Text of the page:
Henry Tudor was officially a major threat to Richard III, so:
the Yorkist king made several overtures to Francis II to surrender the young Lancastrian. Francis II refused, holding out for the possibility of better terms from Richard. In mid-1484, Francis was incapacitated by illness and while recuperating, his treasurer, Pierre Landais, took over the reins of government. Landais reached an agreement with Richard III to send Henry and his uncle back to England in exchange for military and financial aid. John Morton, a bishop of Flanders, learned of the scheme and warned the Tudors; the Tudors then fled to France.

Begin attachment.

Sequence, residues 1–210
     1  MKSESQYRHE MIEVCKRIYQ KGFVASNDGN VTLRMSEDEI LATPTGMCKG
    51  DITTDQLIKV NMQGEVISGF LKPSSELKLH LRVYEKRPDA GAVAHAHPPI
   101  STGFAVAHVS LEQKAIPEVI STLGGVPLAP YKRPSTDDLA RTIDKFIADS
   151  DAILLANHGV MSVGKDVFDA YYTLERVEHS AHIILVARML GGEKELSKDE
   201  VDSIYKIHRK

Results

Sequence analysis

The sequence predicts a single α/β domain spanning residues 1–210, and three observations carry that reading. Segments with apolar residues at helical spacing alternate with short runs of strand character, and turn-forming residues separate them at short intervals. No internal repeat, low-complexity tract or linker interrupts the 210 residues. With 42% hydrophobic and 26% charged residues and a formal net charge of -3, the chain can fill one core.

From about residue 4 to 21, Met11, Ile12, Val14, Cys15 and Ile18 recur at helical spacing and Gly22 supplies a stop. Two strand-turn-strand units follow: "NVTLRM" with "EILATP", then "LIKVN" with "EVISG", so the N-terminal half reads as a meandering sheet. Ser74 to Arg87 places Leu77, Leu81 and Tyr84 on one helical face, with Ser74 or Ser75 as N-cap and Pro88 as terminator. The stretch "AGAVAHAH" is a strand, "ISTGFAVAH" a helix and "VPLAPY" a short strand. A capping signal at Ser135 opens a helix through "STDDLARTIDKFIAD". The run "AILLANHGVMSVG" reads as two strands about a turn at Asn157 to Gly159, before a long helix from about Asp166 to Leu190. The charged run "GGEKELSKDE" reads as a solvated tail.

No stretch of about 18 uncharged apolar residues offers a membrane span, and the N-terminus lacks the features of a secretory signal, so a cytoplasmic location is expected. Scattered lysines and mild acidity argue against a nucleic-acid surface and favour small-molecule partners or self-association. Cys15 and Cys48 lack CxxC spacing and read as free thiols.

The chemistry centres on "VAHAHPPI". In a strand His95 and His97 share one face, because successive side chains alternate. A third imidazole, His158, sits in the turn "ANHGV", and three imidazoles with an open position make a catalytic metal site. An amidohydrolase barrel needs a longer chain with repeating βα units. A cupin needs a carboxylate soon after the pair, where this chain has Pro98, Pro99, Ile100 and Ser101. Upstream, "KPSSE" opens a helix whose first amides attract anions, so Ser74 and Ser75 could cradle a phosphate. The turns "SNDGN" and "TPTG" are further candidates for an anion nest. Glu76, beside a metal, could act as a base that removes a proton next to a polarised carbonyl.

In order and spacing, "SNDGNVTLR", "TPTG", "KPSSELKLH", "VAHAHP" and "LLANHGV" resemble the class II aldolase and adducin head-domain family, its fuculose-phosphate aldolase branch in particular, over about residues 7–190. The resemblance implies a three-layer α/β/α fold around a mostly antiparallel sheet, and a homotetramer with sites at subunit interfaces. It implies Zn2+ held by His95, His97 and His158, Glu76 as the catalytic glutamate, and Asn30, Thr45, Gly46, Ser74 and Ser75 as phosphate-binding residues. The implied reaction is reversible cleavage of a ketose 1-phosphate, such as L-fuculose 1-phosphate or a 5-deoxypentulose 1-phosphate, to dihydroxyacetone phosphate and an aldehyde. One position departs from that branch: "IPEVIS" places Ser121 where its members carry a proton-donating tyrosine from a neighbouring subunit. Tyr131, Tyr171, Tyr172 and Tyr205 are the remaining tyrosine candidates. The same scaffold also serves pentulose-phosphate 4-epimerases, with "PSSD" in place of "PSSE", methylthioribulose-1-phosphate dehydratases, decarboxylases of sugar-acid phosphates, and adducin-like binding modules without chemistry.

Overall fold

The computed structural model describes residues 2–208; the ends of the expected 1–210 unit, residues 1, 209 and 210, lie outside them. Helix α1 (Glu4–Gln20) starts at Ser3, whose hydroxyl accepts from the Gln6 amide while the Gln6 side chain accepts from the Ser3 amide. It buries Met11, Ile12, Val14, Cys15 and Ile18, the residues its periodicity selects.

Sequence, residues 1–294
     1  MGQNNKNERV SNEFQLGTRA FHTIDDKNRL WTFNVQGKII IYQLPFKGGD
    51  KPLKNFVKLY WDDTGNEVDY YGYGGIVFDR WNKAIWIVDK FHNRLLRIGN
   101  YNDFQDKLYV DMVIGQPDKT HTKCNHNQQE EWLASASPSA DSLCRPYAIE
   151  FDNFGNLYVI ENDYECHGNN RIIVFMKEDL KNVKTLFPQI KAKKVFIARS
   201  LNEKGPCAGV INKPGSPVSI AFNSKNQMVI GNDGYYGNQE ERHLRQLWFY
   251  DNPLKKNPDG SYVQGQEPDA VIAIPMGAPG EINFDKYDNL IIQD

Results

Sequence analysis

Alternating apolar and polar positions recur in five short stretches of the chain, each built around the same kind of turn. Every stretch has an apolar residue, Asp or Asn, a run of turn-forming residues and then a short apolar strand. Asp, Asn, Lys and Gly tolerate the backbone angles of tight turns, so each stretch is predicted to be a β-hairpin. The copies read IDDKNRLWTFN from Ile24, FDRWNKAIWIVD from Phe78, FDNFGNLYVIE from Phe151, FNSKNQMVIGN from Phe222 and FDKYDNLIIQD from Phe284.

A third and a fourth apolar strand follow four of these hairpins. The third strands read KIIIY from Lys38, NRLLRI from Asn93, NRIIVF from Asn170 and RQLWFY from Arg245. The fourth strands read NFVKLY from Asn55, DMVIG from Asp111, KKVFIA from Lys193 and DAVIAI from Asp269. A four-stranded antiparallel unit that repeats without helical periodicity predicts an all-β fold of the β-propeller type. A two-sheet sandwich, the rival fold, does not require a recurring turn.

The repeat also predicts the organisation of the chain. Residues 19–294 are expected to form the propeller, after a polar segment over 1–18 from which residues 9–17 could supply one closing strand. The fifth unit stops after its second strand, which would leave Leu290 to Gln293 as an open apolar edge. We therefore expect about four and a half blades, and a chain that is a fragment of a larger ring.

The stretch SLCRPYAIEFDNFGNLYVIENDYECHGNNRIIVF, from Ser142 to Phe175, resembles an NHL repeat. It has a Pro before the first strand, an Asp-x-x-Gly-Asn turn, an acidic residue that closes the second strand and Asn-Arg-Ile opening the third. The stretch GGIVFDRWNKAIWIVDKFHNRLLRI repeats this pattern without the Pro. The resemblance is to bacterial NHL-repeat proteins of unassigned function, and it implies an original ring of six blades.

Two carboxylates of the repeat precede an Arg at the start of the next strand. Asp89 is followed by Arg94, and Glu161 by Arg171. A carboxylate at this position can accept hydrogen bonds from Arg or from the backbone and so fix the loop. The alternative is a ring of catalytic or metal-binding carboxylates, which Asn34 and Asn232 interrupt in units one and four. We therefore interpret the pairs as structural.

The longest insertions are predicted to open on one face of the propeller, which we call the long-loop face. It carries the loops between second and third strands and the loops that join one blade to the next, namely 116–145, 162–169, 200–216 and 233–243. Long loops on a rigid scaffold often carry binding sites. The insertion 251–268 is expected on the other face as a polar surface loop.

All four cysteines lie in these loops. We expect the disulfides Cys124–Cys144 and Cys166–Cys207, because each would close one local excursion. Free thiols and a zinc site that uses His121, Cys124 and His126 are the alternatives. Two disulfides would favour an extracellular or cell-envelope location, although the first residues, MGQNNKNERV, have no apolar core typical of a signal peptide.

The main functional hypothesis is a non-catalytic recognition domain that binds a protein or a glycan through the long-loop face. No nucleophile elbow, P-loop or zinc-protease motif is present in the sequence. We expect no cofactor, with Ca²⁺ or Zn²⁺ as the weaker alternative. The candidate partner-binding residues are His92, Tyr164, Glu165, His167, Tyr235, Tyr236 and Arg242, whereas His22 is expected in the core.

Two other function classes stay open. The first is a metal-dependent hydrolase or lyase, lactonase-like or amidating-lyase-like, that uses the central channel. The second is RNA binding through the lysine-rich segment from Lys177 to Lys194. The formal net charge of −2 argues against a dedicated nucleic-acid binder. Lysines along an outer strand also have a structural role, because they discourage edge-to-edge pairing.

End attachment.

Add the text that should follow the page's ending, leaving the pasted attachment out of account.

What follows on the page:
But Louis XI had died in August, leaving the throne to his 13 year old son, Charles VIII. With their old ally metaphorically six feet under, would the Tudor’s be welcome at the new king’s court? Happily, Charles VIII was under the regency of his sister, Anne of Beaujue, and her husband, Peter II, Duke of Bourbon, and Anne wanted to maintain her late father’s ties to his Lancastrian kinsmen.
She may also have remembered Jasper from their overlapping time spent in the court of Louis XI. Anne therefore supplied Jasper and Henry with money, arms, and French troops for their 1485 invasion of Yorkist England. This invasion ended at the Battle of Bosworth on 22 August, where Richard III fell and Henry VII arose.
It is interesting to think on how the entire Tudor dynasty came about in large part because the French King Louis XI and his eldest daughter never forsook their familial obligations to their cousins from the Houses of Valois and Anjou.